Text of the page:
Pop Awards: Prizewinners

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The Mobo Awards

Radio 1

Bumping phat grooves, grinding R'n'B and smooth soul for B-boys and girls are an excuse for exacting some bodily pleasures, and one more unique contortion - an award ceremony that aims to raise the low profile of music of black origin.

are yet another symptom of the diseased Brit Awards-grabbing newspaper headlines provided by the likes of Jarvis Cocker and Liam Gallagher, with awards stuck in places others can't reach. Mobo does more than take a pop.

Pauline Henry, lead singer with Scots band the Chimes, set up the awards a year ago as a reproach to the Brits because she felt they ignored a large section of popular music. "They're a disgrace," she said at the launch. "They grossly misrepresent the record-buying public's taste. will be a major new ceremony featuring categories for the likes of rap, reggae, soul, gospel and house. But they won't be restricted to black musicians."

The awards unwittingly highlight the difficulties of using a generic title such as "black origin" (or "Brits") which, while including a number of different genres, obviously can't include them all. " provide the missing link," argues the managing director, Andy Ruffell. "Mobo is increasing its profile ... the whole spectrum of UK music is now being represented on a national level."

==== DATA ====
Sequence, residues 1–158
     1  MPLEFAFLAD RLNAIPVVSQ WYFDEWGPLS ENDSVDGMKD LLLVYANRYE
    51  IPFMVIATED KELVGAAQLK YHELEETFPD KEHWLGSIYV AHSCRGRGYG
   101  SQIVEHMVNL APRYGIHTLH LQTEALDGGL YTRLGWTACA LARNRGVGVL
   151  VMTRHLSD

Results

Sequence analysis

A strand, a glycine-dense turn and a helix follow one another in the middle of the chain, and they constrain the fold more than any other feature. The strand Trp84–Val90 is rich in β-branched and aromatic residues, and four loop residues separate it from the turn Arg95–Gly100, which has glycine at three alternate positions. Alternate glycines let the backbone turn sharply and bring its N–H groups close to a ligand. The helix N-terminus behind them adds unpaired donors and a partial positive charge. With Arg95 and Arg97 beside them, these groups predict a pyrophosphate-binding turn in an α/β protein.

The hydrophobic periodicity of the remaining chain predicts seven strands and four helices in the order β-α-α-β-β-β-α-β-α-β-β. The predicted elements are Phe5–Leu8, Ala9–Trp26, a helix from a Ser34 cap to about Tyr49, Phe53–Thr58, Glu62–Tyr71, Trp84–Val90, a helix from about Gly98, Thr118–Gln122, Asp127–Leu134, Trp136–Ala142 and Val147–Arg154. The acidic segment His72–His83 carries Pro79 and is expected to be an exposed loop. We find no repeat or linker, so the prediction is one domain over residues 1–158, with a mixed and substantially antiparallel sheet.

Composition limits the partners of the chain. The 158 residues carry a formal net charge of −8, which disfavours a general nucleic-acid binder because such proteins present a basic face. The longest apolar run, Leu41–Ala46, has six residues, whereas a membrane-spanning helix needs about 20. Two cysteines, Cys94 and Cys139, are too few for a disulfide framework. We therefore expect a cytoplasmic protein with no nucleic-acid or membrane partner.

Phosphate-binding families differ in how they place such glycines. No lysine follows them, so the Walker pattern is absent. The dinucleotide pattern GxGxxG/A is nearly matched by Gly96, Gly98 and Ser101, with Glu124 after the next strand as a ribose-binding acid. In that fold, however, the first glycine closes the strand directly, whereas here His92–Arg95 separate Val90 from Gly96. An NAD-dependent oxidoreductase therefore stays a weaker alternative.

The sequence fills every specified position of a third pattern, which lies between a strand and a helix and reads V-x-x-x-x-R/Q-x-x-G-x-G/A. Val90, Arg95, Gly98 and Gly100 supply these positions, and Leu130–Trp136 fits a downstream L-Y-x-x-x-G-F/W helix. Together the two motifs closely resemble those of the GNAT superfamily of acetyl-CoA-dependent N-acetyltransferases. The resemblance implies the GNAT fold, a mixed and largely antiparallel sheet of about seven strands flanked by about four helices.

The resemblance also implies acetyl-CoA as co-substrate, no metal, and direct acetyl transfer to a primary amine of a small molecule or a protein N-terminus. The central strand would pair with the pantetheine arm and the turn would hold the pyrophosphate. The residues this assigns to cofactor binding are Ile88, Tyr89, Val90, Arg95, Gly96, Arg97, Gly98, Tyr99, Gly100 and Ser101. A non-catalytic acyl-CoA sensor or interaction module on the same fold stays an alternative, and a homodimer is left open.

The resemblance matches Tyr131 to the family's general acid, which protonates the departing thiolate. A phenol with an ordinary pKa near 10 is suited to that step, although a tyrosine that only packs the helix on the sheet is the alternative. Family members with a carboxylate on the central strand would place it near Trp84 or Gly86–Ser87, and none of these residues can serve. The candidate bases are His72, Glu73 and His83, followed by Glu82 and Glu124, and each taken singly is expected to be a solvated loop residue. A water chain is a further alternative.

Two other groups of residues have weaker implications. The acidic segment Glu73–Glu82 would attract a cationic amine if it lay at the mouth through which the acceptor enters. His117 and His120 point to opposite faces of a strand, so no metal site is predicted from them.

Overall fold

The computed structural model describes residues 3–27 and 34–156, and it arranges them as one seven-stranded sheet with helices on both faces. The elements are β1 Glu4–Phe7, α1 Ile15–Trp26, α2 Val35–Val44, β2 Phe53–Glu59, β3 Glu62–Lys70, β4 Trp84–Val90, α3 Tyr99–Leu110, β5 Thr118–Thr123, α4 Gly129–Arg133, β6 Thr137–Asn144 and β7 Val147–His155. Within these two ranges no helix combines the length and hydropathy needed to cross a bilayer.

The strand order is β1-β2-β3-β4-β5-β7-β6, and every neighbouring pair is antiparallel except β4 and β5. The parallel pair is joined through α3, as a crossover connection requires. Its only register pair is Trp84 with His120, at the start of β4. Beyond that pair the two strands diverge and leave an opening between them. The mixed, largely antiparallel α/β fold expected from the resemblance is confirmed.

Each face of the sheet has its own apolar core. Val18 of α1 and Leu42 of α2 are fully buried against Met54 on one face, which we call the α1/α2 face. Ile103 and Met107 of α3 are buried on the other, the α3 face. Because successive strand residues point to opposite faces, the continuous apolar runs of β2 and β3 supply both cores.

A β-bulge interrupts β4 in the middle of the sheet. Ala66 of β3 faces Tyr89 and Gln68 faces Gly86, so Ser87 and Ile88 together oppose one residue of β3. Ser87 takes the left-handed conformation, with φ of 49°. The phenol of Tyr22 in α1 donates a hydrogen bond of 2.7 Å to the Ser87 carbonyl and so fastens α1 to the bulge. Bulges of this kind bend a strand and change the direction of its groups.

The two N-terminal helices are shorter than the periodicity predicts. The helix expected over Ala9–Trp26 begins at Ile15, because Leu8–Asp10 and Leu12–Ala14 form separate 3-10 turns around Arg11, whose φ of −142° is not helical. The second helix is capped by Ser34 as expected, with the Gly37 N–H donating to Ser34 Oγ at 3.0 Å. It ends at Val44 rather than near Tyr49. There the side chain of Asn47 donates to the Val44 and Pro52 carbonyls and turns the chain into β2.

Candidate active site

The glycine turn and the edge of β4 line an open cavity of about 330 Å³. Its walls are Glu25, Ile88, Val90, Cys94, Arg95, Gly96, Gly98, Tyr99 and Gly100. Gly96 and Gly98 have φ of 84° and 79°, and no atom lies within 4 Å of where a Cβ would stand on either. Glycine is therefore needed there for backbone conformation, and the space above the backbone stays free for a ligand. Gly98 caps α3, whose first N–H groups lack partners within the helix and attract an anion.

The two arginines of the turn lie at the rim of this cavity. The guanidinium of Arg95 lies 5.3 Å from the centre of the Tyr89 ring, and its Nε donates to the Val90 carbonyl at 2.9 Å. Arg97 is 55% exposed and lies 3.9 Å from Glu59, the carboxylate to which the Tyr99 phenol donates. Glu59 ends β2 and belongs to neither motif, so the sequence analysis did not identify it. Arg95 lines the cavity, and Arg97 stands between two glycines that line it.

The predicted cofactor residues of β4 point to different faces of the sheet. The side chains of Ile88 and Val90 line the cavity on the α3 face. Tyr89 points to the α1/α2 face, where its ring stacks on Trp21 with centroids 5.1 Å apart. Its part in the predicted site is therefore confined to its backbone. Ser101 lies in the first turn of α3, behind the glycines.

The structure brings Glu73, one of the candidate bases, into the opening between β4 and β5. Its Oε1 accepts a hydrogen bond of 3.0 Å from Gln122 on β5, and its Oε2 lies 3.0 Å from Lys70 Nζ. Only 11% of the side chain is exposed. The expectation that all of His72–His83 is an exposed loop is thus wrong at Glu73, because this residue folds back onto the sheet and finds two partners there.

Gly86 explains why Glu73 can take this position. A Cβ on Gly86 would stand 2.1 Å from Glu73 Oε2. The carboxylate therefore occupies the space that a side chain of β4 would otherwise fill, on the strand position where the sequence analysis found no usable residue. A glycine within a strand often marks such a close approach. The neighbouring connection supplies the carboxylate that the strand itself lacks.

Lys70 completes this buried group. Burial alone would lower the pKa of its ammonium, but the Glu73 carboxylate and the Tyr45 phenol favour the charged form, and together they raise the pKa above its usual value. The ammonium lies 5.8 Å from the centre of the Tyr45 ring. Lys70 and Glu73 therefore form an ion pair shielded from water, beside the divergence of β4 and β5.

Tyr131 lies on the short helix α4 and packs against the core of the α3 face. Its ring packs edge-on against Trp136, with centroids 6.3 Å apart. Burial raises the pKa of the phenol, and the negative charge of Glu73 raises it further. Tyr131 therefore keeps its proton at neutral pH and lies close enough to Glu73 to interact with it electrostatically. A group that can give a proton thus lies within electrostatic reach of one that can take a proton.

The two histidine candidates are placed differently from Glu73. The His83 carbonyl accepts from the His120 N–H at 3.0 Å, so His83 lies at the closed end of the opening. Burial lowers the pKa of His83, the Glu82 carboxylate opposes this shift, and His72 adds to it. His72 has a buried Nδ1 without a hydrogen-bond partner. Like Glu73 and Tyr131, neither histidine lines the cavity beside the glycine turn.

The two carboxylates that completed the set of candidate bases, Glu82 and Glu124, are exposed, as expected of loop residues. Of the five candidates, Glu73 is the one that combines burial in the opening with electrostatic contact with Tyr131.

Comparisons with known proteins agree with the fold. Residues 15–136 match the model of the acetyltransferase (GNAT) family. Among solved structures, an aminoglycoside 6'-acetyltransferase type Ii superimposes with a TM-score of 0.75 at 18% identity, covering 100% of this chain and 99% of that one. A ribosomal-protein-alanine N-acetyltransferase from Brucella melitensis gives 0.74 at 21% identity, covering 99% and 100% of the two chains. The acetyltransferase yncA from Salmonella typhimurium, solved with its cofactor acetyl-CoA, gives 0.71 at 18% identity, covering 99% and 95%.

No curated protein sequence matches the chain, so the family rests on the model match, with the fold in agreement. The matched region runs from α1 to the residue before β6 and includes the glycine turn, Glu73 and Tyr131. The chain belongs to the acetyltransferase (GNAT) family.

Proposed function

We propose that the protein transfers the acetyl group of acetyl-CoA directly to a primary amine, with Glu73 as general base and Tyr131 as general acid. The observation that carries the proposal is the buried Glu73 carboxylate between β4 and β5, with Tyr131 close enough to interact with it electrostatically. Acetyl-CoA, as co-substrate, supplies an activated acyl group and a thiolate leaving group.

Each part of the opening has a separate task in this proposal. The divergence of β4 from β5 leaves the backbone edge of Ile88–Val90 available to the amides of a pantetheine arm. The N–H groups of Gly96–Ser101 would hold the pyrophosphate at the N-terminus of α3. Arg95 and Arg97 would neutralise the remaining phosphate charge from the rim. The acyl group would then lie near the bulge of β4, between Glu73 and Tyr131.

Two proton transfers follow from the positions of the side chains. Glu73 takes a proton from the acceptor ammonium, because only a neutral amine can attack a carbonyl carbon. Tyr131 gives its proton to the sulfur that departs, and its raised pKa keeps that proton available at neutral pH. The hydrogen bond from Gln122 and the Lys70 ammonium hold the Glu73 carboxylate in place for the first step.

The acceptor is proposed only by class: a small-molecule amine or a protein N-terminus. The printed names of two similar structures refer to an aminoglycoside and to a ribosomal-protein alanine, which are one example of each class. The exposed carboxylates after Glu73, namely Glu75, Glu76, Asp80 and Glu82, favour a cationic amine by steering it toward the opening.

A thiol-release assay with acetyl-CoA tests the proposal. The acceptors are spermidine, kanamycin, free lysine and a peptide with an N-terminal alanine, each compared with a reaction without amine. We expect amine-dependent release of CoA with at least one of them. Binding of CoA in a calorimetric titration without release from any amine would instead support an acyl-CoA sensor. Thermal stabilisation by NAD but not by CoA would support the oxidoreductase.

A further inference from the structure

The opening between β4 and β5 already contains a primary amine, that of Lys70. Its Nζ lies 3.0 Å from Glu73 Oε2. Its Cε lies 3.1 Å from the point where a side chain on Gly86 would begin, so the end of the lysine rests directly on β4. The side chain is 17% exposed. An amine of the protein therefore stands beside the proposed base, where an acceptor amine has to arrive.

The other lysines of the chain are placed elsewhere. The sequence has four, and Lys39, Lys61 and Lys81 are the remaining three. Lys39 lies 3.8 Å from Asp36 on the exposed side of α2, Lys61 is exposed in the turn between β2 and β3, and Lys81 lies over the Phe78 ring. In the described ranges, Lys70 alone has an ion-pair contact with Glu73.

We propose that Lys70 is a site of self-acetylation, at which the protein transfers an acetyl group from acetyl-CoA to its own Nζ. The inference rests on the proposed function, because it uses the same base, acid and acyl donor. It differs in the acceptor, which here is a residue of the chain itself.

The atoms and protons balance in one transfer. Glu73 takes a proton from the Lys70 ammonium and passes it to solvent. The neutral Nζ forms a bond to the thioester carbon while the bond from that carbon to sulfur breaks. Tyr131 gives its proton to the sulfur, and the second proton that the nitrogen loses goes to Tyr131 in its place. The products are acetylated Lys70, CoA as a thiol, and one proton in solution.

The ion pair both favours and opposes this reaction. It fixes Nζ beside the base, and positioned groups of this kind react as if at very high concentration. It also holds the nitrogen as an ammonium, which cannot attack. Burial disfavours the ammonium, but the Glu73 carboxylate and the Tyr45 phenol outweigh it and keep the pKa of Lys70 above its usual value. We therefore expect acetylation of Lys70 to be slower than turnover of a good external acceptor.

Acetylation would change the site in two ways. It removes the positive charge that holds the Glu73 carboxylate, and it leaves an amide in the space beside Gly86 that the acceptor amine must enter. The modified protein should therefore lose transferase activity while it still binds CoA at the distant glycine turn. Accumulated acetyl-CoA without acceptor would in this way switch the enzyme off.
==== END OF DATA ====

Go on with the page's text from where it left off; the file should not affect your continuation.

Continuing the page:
On the flip side of the political tone is the music. Tune in to Radio 1 and immerse yourself in sounds with all the colours of the rainbow. Jungle, reggae, hip hop, dipping into R'n'B and dance - the list reads like the best of British, rangeing from the top of the pops, Roni Size & Reprazent, fresh from winning the Mercury Music Award, to the low-down and spaced-out junglist vibes of LTJ Bukem. It will even go back in time, with bands that have taken styles such as reggae and funk into the Nineties, and, with Finley Quaye and US3, taken themselves to the forefront of such reinvention. They stop at old school rappers KRS to face off against new kids such as Coolio. The only worry is that most of the nominees should win prizes.

"Radio 1 should be part of this year's Mobo awards, because of the investment the station has made in cutting-edge specialist black music shows like Tim Westwood, Trevor Nelson and Chris Goldfinger," says Andy Parfitt of Radio 1.

Radio 1 don't need to hear the Mobo message; luckily, on Monday night we will.

Radio 1, 10.30pm - 1am: `Mobo Awards Live'; televised on Carlton, 13 November.

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